New Procedures … But No Codes Some newer audiology diagnostic procedures have no associated billing code. Here are ways to increase your reimbursement chances. Bottom Line
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Bottom Line  |   June 01, 2015
New Procedures … But No Codes
Author Notes
  • Lisa Satterfield, MS, CCC-A, is ASHA director of health care regulatory advocacy. lsatterfield@asha.org
    Lisa Satterfield, MS, CCC-A, is ASHA director of health care regulatory advocacy. lsatterfield@asha.org×
  • Neela Swanson is ASHA director of health care coding policy. nswanson@asha.org
    Neela Swanson is ASHA director of health care coding policy. nswanson@asha.org×
Article Information
Hearing Disorders / Practice Management / Bottom Line
Bottom Line   |   June 01, 2015
New Procedures … But No Codes
The ASHA Leader, June 2015, Vol. 20, 30-31. doi:10.1044/leader.BML.20062015.30
The ASHA Leader, June 2015, Vol. 20, 30-31. doi:10.1044/leader.BML.20062015.30
A patient complaining of dizziness needs a vestibular evoked myogenic potential (VEMP) evaluation—but there’s no corresponding CPT code (Current Procedural Terminology, © American Medical Association). So how do you bill Medicare?
Audiologists performing electrophysiology and vestibular tests have discovered that the process for developing reimbursement codes significantly lags behind technology. The delay is attributable to the need for FDA approval of devices, sufficient widespread use of the procedure, and the acculumation of substantial peer-reviewed literature that supports the use of the procedure.
But lack of a procedure code doesn’t automatically mean that the service is not a Medicare benefit. Audiologists performing newer procedures that are medically necessary diagnostic services for Medicare beneficiaries can bill for them and, with some additional documentation, may get paid.
Audiologists can use CPT 92700, unlisted otorhinolaryngologic service or procedure, when no other code describes the procedure performed. It is appropriate for:
  • VEMP evaluations for balance.

  • Saccadic testing.

  • Vestibular autorotation test (VAT).

  • Diagnostic analysis with programming of auditory osseointegrated devices.

Audiologists performing electrophysiology and vestibular tests have discovered that the process for developing reimbursement codes significantly lags behind technology.

Some caveats
Audiologists should not use 92700 for:
  • Procedures that don’t have their own codes but are captured in other codes. For example, threshold testing using auditory evoked potentials and auditory steady state response does not, at first glance, have a specific code. But CPT 92585 describes a “comprehensive” auditory evoked audiometry that does include those tests.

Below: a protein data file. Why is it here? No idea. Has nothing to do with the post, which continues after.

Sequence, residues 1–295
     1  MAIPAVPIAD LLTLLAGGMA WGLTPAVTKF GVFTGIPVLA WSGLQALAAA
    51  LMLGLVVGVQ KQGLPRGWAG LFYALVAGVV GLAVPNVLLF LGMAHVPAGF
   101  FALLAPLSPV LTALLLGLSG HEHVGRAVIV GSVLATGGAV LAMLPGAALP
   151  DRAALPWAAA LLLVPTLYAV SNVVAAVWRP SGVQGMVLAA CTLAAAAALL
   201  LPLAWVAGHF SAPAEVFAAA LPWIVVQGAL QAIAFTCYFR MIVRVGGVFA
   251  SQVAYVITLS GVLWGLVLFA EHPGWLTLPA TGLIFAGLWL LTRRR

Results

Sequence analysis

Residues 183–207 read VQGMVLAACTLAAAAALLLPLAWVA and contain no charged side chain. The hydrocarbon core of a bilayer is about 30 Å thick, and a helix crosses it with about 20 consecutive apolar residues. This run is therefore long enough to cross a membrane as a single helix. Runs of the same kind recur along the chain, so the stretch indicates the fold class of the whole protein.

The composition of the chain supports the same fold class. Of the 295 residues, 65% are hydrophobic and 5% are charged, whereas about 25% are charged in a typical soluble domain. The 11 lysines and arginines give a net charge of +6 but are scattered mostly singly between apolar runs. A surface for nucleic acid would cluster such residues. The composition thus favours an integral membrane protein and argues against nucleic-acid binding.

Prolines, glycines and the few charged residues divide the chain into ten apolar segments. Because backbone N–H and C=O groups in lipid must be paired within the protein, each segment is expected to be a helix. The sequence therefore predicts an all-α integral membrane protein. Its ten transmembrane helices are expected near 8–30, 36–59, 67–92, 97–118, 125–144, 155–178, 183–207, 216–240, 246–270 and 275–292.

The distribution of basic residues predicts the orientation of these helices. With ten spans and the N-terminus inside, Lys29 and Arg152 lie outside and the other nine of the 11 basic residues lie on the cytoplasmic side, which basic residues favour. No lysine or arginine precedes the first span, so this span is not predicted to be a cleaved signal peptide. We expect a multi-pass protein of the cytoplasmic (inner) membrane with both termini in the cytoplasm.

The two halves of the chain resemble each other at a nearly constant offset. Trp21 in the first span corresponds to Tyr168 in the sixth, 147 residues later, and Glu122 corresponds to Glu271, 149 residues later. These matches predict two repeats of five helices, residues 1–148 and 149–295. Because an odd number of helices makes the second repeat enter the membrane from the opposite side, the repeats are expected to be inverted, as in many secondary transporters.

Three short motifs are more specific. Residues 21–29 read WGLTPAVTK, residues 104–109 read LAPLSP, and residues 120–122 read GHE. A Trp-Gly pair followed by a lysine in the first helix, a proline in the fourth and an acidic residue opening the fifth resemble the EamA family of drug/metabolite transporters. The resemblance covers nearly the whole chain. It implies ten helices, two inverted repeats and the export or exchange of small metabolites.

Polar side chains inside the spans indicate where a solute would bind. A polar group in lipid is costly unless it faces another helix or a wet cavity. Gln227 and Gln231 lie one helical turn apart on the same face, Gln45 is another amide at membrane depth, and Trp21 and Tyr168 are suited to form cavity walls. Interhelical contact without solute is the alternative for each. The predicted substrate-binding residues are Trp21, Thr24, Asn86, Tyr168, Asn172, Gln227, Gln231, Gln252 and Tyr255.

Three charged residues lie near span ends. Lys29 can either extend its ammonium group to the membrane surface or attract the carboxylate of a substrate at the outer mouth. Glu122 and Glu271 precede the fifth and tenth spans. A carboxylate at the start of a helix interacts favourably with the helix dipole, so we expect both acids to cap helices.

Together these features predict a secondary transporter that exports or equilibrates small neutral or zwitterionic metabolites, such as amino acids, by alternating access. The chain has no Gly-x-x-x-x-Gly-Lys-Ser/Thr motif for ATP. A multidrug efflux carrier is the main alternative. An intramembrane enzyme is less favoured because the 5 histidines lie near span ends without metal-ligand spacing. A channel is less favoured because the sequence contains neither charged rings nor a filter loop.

• Neural response telemetry. The American Medical Association recommends using CPT 92584, electrocochleography.

  • Vestibular evaluation with goggles. CPT 92540 (basic vestibular evaluation) should be used regardless of recording mechanism (goggles or electrodes).

  • Analysis and programming of external bone conduction devices. Medicare classifies external devices as hearing aids, and hearing aid-related services are not a covered Medicare benefit. If the device has been surgically implanted in the skull bone, however, related services can be billed under 92700.

Documentation
Because 92700 represents a variety of unlisted procedures, claims for this code are reviewed manually for payment. The manual medical review process takes the claim out of the automated system and requires complete documentation. To receive reimbursement for 92700, the audiologist must provide documentation that:
  • Includes the patient’s report and results.

  • Includes the provider’s qualifications.

  • Describes in detail the service provided, including the effort required.

  • Describes the clinical use of and efficacy for the service.

  • Clarifies that the procedure is independent and not performed in conjunction with another billable procedure.

  • Records the time required to perform the procedure, including the delineation of prep time, evaluative time and post-evaluative counseling.

  • Describes the equipment used to perform the procedure, including any supplies.

  • Includes the usual and customary fee for the procedure from the practice/facility fee schedule.

Here are a few other suggestions to keep in mind when submitting CPT 92700:
  • Do not use any modifiers.

  • Do not report multiple units, even if two unlisted procedures are performed on the same day. Documentation should be clear about each independent procedure.

  • Submit the claim and the appropriate documentation each time you perform the unlisted service. A denial for one does not necessarily indicate you will be denied for the next patient.

Be diligent—and patient—when submitting 92700, and be prepared to defend the medical necessity of the services you provide.
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June 2015
Volume 20, Issue 6